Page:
Physics Colloquium: Archetypical forms resulting from growth in physics and biology; the special case of Fibonacci related spiral organization
Yves Couder, Laboratoire Matière et Systèmes Complexes, Université Paris Diderot
Recognizable forms emerge from growth in a large variety of physical and biological phenomena. The reason for which our brain is well adapted to recognizing them is that they often resemble each other: they have archetypes. The common language recognizes this fact by comparing for instance sand dunes to waves or dendritic crystals to trees. In physics the origin is often that very different growth phenomena have a common mathematical or topological structure, resulting in the formation of similar patterns. However in biology the convergences in structure can also be originated in the gain of similar evolutionary advantages. I will particularly discuss the origin of the Fibonacci related spiral organization observed in most land plants. By a remarkable convergence some brown algae have a similar organization in spite of the fact the two clades have diverged 1800 million years ago when they were both unicellular organisms.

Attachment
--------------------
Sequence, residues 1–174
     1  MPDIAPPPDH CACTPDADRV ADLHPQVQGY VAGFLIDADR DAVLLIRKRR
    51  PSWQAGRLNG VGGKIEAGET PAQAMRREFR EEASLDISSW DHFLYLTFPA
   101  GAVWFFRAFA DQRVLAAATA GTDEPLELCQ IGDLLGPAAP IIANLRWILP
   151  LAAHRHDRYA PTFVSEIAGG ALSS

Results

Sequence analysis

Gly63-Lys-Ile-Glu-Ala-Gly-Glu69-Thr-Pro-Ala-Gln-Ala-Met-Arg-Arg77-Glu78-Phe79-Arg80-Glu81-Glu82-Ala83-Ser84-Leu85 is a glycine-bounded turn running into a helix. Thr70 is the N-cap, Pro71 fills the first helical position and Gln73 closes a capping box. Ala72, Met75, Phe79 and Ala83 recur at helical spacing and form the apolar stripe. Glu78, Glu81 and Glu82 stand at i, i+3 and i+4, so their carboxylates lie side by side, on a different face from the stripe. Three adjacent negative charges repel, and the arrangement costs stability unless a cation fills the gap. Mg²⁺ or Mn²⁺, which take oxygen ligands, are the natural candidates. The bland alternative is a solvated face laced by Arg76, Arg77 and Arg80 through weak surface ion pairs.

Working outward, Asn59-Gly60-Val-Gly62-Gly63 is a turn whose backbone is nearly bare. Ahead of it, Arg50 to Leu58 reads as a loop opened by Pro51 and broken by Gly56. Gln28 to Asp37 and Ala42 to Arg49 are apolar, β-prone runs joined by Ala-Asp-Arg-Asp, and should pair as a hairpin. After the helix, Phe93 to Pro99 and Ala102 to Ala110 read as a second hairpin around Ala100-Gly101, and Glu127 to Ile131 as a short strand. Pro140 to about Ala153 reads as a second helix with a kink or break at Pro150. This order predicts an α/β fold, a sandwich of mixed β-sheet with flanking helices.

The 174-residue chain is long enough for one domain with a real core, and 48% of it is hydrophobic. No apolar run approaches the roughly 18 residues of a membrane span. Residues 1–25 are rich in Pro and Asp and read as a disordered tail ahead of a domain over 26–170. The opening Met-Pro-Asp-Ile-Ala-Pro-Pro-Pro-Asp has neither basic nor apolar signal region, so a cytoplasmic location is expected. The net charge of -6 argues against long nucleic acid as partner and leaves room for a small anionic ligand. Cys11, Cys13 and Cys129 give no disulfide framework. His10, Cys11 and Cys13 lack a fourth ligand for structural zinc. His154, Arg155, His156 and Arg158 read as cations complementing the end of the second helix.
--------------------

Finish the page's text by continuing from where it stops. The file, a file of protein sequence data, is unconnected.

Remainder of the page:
Event Organizer: Prof. Alexander Palevsky